Mathews Journal of Veterinary Science


Previous Issues Volume 2, Issue 1 - 2017

Mini Review Abstract PDF  

Prolactin in Female Domestic Dogs: A Mini-Review

Gutierrez Rufo J1, Gazzano A1, Mariti C1

Corresponding Author: Mariti C, Veterinary Sciences - University of Pisa, Viale delle Piagge 2, 56124 Pisa, Italy, Tel: 0039-050-2216837;Email: 1

Received Date: 14 Dec 2016 Accepted Date: 28 Dec 2016 Published Date: 02 Jan 2017

Copyright © 2017 Mariti C

Citation: Rufo JG, Gazzano A and Mariti C. (2017). Prolactin In Female Domestic Dogs: A Mini-Review. Mathews J Vet Sci. 2(1): 006.


Prolactin is a luteotrophic agent, acting from mid-luteal phase in both pregnant and non-pregnant animals. Its role in stimulating and maintaing the corpus luteum, allowing the gestation period to be maintained, as well as the role in preparing and maintaining lactation (in concert with estrogens, progesterone, corticosteroids, somatropin and insulin) in the bitch has been recognized. Prolactin seems to be also involved in ensuring maternal behaviour, including the preparations for delivery and the care of the litter thereafter.


Bitch; Dog; Estrus; Pregnancy; Prolactin.


Among domestic animals, the dog (Canis familiaris) is a monoestric species, with a long oestrous cycle (12 months in most non-domesticated species; 7 ± 1.5 months in the dog) and with a period of about 4 months of anestrus, in which there is no ovarian activity [1]. Reproduction and pregnancy in dogs are regulated by many hormones, among which prolactin. Prolactin (PRL) is a single-chain peptide hormone, composed of almost 200 amino acids, produced by the lactotrotropic cells of the anterior pituitary [2]. Prolactin secretion is pulsatile and this pulse rate is probably a result of the combined effect of different hypothalamic factors. Dopamine activates prolactin synthesis. Also thyrotropin-releasing factor (TRH), serotonin, vasoactive intestinal peptide (VIP), and estrogen substances activate prolactin synthesis, but about 100 times less than dopamine does. Gamma-aminobutyric acid (GABA) inhibits the synthesis of prolactin with an inhibitory effect 100-fold lower than the activating effect of prolactin. In dogs, prolactin is secreted in a pulsatile fashion [3] and most prolactin is released during the second half of the luteal phase. Prolactin is an essential luteotropin in the dog from mid-luteal phase in both pregnant and non-pregnant animals. It appears to act by sustaining corpus luteum lifespan and function rather than by direct stimulatory effects on progesterone secretion [4]. Indeed, prolactin stimulates and maintains the corpus luteum of the ovary, which is the source of progesterone, allowing the gestation period to be maintained from the second half of the pregnancy. However, prolactin does not act alone; during pregnancy, prolactin, estrogen and progesterone stimulate the development of the mammary gland. Originally, the observation in the bitch that PRL blood values rise during the second half of pregnancy, while progesterone values were simultaneously declining, led to the conclusion that PRL might have an anti-luteotropic effect [5]. The use of PRL inhibiting drugs, i.e. dopamine agonists like bromocriptine and cabergoline during the second half of pregnancy have shown that PRL must have a luteotrophic effect as their use results in an immediate sharp drop in the blood PRL concentrations followed by a drop in levels of blood progesterone [1]. In addition, using the same PRL-inhibitors in the treatment of dogs with clinical anoestrus (abnormally prolonged anoestrous period) reliably induces a fertile oestrus [6]. In pregnant bitches, the plasma prolactin concentration starts to rise about 1 month after ovulation, which is when the plasma progesterone concentration begins to decline. Also in healthy cyclic bitches, most prolactin is released during the second half of the luteal phase. The changes in growth hormone (GH) and prolactin release during the luteal phase may promote the physiological proliferation and differentiation of mammary gland tissue in the bitch. In the early part of the luteal phase progesterone-induced mammary GH initiatesproliferation of the mammary epithelium, whereas in the late luteal phase, when progesterone concentrations decrease, prolactin release increases and promotes lobulo-alveolar differentiation [7]. Hence, the declining plasma progesterone concentrations during the second half of the luteal phase appear to influence prolactin secretion. In monogastric animals, such as dogs, cats, primates and women, prolactin is also fundamental during the preparation and maintenance of lactation after birth. As a matter of fact, after delivery and during lactation, prolactin levels continue to be elevated [8]. Prolactin allows the growth and differentiation of the mammary gland, maintains segregation of breast milk, reduces fertility during the lactation period, facilitates immunological regulation in the female, as well as an exchange of water and electrolytes during pregnancy. The tactile stimulation of the nipple or breast in the mother after birth inhibits the release of dopamine into the hypothalamus, increasing the concentration of prolactin in blood. On the other hand, high concentrations of prolactin inhibit the secretion of gonadotropin-releasing hormone (LH, luteinizing hormone and FSH, follicle-stimulating hormone), which prevents gonadotropins to act on the gonads. Thanks to this mechanism, fertility levels are reduced during lactation, preventing females to become pregnant while feeding their offspring [9]. In pregnant bitches, plasma prolactin levels exceed 100 ng/ ml [4]. Weaning, which can be defined as the phase of maternal care during which lactation decreases most rapidly [10], causes a decrease in prolactin blood values. The use of potent prolactin inhibitors, mostly dopamine agonists like bromocriptine, metergoline and cabergoline, has confirmed that prolactin is the luteotropic hormone from day 30 of pregnancy onward and that prolactin is essential for the preparation, commencement and maintenance lactation, as well as for the activation maternal of maternal and sexual behavior [1]. Prolactin seems to be involved in ensuring maternal behaviour, including the preparations for delivery and the care of the litter thereafter, although it is not yet clear how it shares these effects with oxytocin [11]. Prolactin secretion is under the tonic inhibitory control of hypothalamic dopaminergic neurons and the stimulatory action of estrogens, with a number of other hypothalamic hormones playing a modulatory role in the control of prolactin secretion [12]. In most vertebrates, neuroendocrine functions are organized in regular cycles of different periodicity. Hormone secretion patterns are mainly regulated endogenously, although they are also under environmental influence [13]. For instance, seasonal variations in temperature and photoperiod have an influence on circannual rhythms of reproductive seasonal species [14]. Also dogs show a circannual rhythmicity of prolactin [15], whose function is unknown; it may be inherited from wolves functionally altered through domestication. Male and female dogs and wolves show almost identical seasonal changes in prolactin blood concentrations, with peak levels before mid-year and the nadir just before the year’s end [1]. The rise in prolactin production during spring and towards the summer peak causes social tensions to subside and assures care for the offspring by females and males alike. This seasonality in canine prolactin production is maintained following pinealectomy [16]. This indicates the existence of a strong genetic base for prolactin’s annual rhythm which might be influenced by melatonin but is neither triggered nor controlled by pineal hormones. This explains the persistence of the physiological pseudopregnancy in the bitch, although her reproductive cycle has shortened and no longer coincides with the seasons [1]. Information regarding the presence of a circadian rhythm of prolactin secretion in bitches is scarce, but Gobello et al. [17] have reported that in most anoestrous bitches there appears to be no circadian rhythm of prolactin secretion. Furthermore, Corrada et al. [15] concluded that there are ultradian differences between male and female dogs. In certain cases, it is possible to find hyperprolactinemia, which is the presence of high levels of prolactin in blood. Increased prolactin secretion may be caused by damage to the hypophysial stem that disrupts the flow of dopamine from the hypothalamus or even triggers tumours. There may also be increased prolactin due to physiological disorders, high blood pressure or aches [9]. In some species which require prolactin in their reproductive processes, like dogs, as well as in humans, where the need for prolactin as a hormone for reproduction is not established, hyperprolactinemia inhibits male and female reproduction [1]. In conclusion, the role of prolactin as a luteotrophic agent, as well as an essential hormone for preparing and maintaining lactation (in concert with estrogens, progesterone, corticosteroids, somatropin and insulin) in the bitch has been recognized. Prolactin seems to be involved in ensuring maternal behaviour, including the preparations for delivery and the care of the litter thereafter, although it is not yet clear how it shares these effects with oxytocin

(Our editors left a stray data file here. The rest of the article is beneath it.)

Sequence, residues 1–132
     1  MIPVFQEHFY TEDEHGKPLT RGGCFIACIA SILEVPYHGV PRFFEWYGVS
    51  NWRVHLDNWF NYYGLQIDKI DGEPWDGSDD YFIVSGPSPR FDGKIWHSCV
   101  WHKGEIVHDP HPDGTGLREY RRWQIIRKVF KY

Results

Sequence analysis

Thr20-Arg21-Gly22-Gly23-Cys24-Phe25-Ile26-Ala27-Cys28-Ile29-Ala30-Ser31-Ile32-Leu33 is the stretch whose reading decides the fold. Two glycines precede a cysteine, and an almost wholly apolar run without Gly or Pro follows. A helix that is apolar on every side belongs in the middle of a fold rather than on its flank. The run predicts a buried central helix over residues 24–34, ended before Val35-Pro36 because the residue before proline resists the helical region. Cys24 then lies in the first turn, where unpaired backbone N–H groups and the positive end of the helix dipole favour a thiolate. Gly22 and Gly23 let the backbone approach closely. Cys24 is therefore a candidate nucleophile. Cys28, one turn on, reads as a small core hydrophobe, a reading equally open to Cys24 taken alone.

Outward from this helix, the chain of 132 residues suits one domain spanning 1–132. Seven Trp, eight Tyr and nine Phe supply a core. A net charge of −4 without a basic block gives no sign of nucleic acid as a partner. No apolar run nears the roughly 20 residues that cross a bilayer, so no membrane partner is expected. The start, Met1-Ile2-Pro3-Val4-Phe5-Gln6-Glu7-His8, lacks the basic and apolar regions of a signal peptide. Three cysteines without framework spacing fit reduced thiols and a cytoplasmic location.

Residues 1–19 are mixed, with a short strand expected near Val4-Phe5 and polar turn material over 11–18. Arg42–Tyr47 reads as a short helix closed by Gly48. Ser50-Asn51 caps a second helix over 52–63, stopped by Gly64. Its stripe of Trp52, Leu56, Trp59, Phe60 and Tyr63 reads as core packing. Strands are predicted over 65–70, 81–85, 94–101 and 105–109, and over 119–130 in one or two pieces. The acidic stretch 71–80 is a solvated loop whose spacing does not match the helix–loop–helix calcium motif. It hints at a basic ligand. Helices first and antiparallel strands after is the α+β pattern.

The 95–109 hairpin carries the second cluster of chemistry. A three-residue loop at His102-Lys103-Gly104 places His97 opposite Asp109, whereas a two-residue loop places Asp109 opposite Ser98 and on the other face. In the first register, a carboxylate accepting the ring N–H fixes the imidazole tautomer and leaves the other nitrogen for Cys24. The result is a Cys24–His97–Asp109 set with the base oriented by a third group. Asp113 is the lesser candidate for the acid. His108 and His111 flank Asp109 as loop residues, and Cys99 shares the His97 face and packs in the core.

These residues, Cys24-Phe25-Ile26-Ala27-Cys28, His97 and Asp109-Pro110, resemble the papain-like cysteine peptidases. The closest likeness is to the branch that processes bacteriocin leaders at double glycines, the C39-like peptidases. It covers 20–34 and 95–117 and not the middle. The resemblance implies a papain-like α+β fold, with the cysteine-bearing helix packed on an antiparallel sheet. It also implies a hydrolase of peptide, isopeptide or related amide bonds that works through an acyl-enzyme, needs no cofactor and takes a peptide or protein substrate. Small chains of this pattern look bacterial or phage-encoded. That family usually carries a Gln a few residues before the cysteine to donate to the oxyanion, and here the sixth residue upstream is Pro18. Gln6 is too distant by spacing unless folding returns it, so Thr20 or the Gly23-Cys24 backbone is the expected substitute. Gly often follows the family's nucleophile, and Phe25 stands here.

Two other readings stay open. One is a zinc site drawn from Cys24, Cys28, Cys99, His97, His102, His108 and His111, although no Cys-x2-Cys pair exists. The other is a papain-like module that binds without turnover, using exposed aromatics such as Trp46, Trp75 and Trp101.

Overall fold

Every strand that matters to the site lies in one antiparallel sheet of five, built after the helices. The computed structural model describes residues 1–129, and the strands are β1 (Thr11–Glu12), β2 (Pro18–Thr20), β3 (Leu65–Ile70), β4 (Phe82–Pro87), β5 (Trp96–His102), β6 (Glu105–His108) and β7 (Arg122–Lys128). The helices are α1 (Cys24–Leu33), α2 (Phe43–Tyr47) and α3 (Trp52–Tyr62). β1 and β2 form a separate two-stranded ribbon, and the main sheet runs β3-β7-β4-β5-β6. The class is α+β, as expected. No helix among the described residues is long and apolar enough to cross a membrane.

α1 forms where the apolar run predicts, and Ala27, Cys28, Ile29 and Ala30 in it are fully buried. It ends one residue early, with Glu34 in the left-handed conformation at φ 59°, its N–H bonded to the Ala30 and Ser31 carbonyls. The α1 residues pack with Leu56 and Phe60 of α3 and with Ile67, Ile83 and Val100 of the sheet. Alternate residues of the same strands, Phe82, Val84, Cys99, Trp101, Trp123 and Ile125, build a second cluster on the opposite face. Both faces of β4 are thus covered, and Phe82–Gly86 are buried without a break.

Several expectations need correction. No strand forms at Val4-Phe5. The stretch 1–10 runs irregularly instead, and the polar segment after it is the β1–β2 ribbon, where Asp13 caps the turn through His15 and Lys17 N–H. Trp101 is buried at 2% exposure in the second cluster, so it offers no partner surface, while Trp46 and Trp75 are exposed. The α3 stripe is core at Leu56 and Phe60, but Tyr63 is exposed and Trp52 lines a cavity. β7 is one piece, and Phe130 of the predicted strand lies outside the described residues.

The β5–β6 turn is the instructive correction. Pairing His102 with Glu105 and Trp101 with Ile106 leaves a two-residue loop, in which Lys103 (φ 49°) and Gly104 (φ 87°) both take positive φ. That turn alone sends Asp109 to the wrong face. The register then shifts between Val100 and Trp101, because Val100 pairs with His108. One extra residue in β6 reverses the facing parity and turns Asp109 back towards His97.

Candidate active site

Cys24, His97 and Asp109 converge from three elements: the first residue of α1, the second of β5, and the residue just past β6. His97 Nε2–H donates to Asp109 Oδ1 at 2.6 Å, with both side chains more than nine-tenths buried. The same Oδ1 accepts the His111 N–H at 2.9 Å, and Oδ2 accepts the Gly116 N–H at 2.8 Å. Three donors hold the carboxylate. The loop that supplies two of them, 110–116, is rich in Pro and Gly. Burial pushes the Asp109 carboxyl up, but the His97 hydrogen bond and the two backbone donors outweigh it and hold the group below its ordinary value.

1. Jochle W. (1997). Prolactin in canine and feline reproduction. Reprod. Dom. Anim. 32, 183-193.
  2. Mol JA and Rijnberk A. (1997). Pituitary function. In: Kanero JJ, Harvey JW, Bruss ML (eds), Clinical Biochemistry of Domestic Animals, 5th ed. San Diego: Academic Press, pp. 517-551.
  3. Kooistra HS & Okkens AC. (2001). Secretion of prolactin and growth hormone in relation to ovarian activity in the dog. Reprod. Dom. Anim. 36(3-4), 115-119.
  4. Onclin K and Verstegen JP. (1997). Secretion patterns of plasma prolactin and progesterone in pregnant compared with nonpregnant beagle bitch. J. Reprod. Fert. Suppl. 51, 203-208.
  5. Gr?f K J and El Etreby M F. (1979). Endocrinology of reproduction in the female Beagle dog and its significance in mammary gland tumorigenesis. Acta Endocrinol. 90. (suppl. 222), 1-33.
  6. Arbeiter K and Barsch E. (1988). Moglichkeiten der Eufigskeitsinduktion bei der Hundin mit einem Ergolin-Derivat. J. Vet. Med. A. 35(1-10), 111-117.
  7. Kooistra HS and Okkens AC. (2002). Secretion of growth hormone and prolactin during progression of luteal phase in healthy dogs: a review. Mol. Cell. Endocrinol. 197(1-2), 167- 172.
  8. Fortuna MP, Pena GM, and Perez FS. (1999). Hiperprolactinemia y embarazo: aspectos clinicos. Rev. Cubana End. 10(1), 38-42.
  9. Grattan DR, Steyn FJ, Kokay IC, Anderson GM, et al. (2008). Pregnancy-induced adaptation in the neuroendocrine control of prolactin secretion. J. Neuroendocrinol. 20(4), 497-507.
  10. Martin P. (1984). The meaning of weaning. Anim. Behav. 32(4), 1257-1259.
  11. McCarthy MM, Kow LM and Pfaff DW. (1992). Speculations concerning physiological significance of central oxytocin in maternal behaviour. Annals of the New york Academy of Sciencies. 652(12), 70-82.
  12. Fieni F, Verstegen J, and Heraud V. (1999). Physiologie De La Prolactine Et Applications Chez La Chienne. Prat. Med. Chir. Anim. 34(3), 187-199.
  13. Aschoff J. (1965). Circadian rhythms in man. Science 148(3676), 1427-1432.
  14. Horrobin DF. (1974). Prolactin. Lancaster: Medical and Technical Publishing Co.
  15. Corrada Y, Castex G, Sosa Y, and Gobello C. (2003). Secretory patterns of prolactin in dogs: circannual and ultradian rythms. Reprod. Dom. Anim. 38(3), 219-223.
  16. Kreeger TJ, Seal US, Cohen Y, Plotka ED, et al. (1991). Characterization of prolactin secretion in gray wolves (Canis lupus). Can. J. Zool. 69(5), 1366-1374.
  17. Gobello C, de la Sota RL and Goya RG. (2001). Twenty four hour prolactin and LH in crossbred anestrous bitches. Reprod. Dom. Anim. 36(1), 41-45.

© 2015 Mathews Open Access Journals. All Rights Reserved.

Creative Commons License
Open Access by Mathews Open Access Journals is licensed under a
Creative Commons Attribution 4.0 International License.
Based On a Work at